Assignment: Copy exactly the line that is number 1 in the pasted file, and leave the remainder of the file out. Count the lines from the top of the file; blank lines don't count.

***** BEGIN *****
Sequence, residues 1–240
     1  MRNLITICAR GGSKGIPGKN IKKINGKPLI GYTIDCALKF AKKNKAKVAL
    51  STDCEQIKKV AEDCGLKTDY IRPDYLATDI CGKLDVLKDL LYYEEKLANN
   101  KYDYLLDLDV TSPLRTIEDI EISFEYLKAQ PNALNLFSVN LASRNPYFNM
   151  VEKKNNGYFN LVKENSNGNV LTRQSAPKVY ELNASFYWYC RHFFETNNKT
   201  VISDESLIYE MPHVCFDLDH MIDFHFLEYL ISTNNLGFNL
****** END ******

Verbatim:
Sequence, residues 1–240